Google announced in early 2020 that its Chrome web browser would phase out third-party cookies over the next two years. Google’s statement followed similar decisions by Apple, Microsoft and Mozilla. Digital marketers are reacting to Google’s announcement with shock, calling the situation “The Cookie Apocalypse.”
Many businesses that rely on digital advertising outsource the work to agencies, like Parkway Digital. This is a great strategy; you get to focus on what you know best and we worry about optimizing your digital ad spend. However, when Google announces a change as big as this one, we recommend checking in with your ad agency.
Not sure how much you really need to know? Start with these four questions:
Why are people talking about The Cookie Apocalypse?
What makes this situation scary for businesses that rely on third-party cookies is that we don’t know what the alternative looks like yet. Currently, third-party cookies are one of the only technologies that make some digital advertising tactics possible. Eliminating third-party cookies could force businesses to completely change how they advertise.
However, Google also stated that they “are confident that with continued iteration and feedback, privacy-preserving and open-standard mechanisms like the Privacy Sandbox can sustain a healthy, ad-supported web.”
What are cookies?
Cookies are tiny bits of data that a website adds to your browser. This data helps websites understand more about you. There are two types of cookies: first-party and third-party. First-party cookies only track your activity on the website where the cookie came from. You need first-party cookies to add multiple items to an online shopping cart or for a website to remember your login information.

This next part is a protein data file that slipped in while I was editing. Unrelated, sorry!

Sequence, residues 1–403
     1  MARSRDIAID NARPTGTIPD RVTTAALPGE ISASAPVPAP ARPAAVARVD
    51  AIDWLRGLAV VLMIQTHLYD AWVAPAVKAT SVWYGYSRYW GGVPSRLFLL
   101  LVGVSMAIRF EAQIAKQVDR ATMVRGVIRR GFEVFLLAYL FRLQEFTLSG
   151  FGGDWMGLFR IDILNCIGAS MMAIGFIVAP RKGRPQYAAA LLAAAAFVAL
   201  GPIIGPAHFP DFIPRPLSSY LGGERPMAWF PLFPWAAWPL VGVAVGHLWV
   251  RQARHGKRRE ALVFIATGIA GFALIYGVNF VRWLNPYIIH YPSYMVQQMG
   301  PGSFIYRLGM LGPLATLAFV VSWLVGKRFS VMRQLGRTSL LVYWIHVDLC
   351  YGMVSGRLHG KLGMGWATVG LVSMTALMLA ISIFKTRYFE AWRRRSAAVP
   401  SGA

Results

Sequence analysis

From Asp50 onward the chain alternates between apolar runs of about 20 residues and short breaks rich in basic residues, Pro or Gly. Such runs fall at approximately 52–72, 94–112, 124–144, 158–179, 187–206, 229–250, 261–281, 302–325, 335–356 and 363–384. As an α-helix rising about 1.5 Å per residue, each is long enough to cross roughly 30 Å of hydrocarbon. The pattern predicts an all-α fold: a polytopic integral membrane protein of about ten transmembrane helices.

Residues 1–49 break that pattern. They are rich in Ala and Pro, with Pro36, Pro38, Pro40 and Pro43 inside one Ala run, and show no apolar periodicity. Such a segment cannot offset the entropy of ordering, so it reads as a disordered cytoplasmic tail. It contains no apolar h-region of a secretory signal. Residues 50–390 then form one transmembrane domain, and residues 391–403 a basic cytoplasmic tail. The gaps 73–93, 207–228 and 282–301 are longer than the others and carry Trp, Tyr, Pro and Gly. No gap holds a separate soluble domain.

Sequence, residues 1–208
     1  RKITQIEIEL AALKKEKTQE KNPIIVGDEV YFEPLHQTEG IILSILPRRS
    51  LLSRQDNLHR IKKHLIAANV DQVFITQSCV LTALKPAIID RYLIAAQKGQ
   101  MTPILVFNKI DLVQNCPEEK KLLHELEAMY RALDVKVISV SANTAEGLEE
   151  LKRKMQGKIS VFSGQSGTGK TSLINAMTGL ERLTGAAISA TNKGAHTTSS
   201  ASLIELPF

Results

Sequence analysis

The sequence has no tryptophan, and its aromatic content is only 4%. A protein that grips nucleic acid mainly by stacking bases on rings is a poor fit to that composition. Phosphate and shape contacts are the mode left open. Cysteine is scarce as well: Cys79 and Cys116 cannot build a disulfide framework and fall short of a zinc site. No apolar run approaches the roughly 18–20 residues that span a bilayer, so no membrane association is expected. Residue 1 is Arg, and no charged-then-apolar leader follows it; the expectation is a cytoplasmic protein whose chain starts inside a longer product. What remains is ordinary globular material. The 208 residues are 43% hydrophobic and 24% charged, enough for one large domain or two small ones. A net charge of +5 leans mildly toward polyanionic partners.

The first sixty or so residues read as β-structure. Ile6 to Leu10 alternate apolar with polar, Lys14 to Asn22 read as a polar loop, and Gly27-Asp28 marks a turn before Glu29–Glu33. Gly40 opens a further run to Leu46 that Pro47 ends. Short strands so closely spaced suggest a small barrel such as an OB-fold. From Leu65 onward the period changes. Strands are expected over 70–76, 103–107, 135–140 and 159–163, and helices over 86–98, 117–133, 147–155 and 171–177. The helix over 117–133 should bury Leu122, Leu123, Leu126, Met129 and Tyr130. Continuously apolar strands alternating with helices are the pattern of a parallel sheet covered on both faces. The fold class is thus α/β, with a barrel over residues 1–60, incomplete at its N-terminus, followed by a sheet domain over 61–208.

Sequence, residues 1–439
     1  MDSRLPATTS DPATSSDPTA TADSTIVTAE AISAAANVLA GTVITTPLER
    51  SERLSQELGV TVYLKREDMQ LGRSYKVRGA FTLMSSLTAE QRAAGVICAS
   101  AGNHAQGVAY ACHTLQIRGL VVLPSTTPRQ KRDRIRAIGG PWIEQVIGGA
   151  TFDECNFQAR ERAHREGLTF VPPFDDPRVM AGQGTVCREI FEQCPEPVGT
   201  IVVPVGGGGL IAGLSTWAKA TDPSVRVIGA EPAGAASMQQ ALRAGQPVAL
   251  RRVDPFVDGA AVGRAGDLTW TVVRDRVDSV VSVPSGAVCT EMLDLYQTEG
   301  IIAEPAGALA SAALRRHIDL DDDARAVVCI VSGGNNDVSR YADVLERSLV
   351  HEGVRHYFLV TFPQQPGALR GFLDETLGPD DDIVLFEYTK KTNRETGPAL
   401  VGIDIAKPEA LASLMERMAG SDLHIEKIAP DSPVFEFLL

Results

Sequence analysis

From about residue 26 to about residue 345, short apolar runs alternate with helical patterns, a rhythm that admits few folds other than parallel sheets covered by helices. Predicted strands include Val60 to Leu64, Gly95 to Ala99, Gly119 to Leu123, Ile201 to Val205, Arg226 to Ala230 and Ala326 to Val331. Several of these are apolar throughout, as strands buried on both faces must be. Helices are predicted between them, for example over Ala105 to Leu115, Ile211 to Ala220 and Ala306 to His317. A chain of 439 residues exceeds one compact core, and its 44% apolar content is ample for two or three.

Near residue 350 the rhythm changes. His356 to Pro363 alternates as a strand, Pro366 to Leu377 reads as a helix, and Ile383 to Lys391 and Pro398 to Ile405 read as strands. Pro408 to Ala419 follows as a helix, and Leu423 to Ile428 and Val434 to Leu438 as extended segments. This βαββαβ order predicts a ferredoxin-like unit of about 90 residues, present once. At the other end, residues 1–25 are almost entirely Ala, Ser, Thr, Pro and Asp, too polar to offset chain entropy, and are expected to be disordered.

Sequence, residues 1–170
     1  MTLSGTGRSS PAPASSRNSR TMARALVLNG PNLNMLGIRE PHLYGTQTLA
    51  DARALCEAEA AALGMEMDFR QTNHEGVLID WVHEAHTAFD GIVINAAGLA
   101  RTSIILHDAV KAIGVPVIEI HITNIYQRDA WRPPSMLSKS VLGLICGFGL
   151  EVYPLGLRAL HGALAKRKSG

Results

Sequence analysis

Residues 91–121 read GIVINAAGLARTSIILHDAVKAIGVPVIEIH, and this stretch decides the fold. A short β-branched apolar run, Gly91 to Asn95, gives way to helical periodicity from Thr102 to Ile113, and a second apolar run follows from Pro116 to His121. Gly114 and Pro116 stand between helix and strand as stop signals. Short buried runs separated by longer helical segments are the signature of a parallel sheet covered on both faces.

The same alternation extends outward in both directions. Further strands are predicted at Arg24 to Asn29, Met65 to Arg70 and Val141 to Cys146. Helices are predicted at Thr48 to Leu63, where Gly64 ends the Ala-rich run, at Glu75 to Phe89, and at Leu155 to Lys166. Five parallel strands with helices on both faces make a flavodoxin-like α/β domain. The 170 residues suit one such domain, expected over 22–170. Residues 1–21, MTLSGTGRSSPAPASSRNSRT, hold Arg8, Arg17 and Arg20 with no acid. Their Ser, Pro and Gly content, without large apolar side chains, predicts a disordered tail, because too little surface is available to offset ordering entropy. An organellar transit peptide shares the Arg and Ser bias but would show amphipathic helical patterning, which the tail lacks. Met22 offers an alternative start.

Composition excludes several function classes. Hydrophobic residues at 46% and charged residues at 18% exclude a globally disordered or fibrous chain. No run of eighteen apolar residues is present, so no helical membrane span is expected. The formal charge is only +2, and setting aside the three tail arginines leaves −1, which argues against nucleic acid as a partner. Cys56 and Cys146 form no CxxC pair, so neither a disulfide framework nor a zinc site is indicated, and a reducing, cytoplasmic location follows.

Third-party cookies are from websites other than the one you’re currently on. They stay in your browser and various platforms monitor them to learn more about your online habits and deliver more relevant ads. Cookies, invented in 1994, weren’t meant to capture or share as much information as they do now. This type of cookie has raised privacy concerns, which is Google’s primary motivation for eliminating the technology.
If your digital advertising efforts only utilize the Google Search Network or YouTube, you’re not using third-party cookies. If you remarket to past website visitors on the Google Display Network, your advertising relies on third-party cookies.
How does Google’s decision affect my business?
Remarketing and other behavioral targeting enabled by third-party cookies is just one part of an integrated digital marketing strategy. Digital marketers will still be able to target based on first-party cookies collected by the advertising platforms themselves, including Google, Facebook and Amazon.
Parkway Digital is excited to learn more about Google’s alternate technologies and how they’ll impact ad delivery and conversion tracking. We’re also encouraging our clients to focus on the platforms and information they own. For example, a robust email list, organic social media presence and content strategy should be part of any healthy digital marketing plan in a cookieless future.